Manufacturers set course for european certification

AINonline
October 4, 2007, 11:23 AM

Bombardier’s Learjet 40 and 45XR were set to receive UK Civil Aviation Authority approval to operate into London City Airport (LCY) before the end of last month. Europe sales director Trevor Lambath told the EBAA Forum that a Learjet 45 completed validation flights at the downtown gateway during the second week of last month.

Individual operators still have to apply to the CAA to have their operating manuals amended, having first proved that their crews are qualified to use LCY’s 5.5-degree steep approach and 4,327-foot runway.

Meanwhile, the Canadian airframer’s new Challenger 300 entered service last month with an undisclosed operator. The Global 5000 achieved certification by Europe’s EASA, ahead of its anticipated approval by the FAA during the fourth quarter of this year.

Cessna is to seek EASA approval for single-pilot operations of its new Citation CJ3. The company expects to complete the certification process by the first quarter of 2006 to coincide with initial deliveries. Trevor Esling, the company’s divisional sales director for Europe, the Middle East and Africa, said that he hopes to have a European demonstration aircraft available by the end of this year.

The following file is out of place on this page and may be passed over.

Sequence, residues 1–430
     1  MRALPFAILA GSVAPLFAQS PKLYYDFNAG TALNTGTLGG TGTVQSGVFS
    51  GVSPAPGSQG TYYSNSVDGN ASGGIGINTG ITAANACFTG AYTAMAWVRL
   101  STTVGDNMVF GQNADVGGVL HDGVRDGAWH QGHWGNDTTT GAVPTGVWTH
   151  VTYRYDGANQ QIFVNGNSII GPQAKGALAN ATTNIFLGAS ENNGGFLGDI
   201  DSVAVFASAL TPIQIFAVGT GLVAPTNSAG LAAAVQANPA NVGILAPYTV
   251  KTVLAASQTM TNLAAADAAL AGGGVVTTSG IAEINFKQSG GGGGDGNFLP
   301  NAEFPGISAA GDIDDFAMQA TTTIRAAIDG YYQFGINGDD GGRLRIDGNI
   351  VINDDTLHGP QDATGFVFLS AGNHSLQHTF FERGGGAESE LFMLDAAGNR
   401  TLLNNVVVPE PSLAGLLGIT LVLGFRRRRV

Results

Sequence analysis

The U.S. manufacturer displayed a new Citation XLS on the Biggin Hill static display, and the aircraft was set to stay in Europe through the middle of this month for a sales tour. The first XLS to be delivered in Europe is due to go to an Austrian client this month.

Meanwhile, Cessna is pushing to complete EASA certification of the Citation Sovereign during the first quarter of next year, with the first European deliveries set to go to operators in Germany and Austria. Esling explained that, whereas the European certification of the Citation X through the JAAs had taken three-and-a-half years, the certification process for the Sovereign will not be more complicated than that for the FAA. He said that dealing with the European authorities had been a “steep learning curve” for Cessna but that both parties had since adapted to each others’ modus operandi.

The JAA certified the Citation Excel and Cessna is now applying to have that certification transferred to an EASA certification on the basis of “grandfather rights.” This should make it harder for national aviation authorities to enforce costly additional equipment requirements because the EASA is backed by European Union law, whereas JAA certification is essentially just a recommendation that can be adjusted as it is adopted by national authorities.

Esling reported that about 90 of the 250 Citation Mustang entry-level jets currently on order are destined for European owners– mainly air charter operators in Germany, the UK, Italy and Spain. Cessna expects to make the first delivery of the EASA-certified Mustang (priced at $2.4 million) in 2007.

Both the new Gulfstream 450 and 350 are set to complete EASA certification before year-end. Gulfstream European sales manager Paul Robinson told EBAA Forum delegates that Gulfstream partner Israel Aircraft Industries has started cutting metal for the G150, which is due to be rolled out during the first quarter of next year and enter service in the third quarter of 2006.

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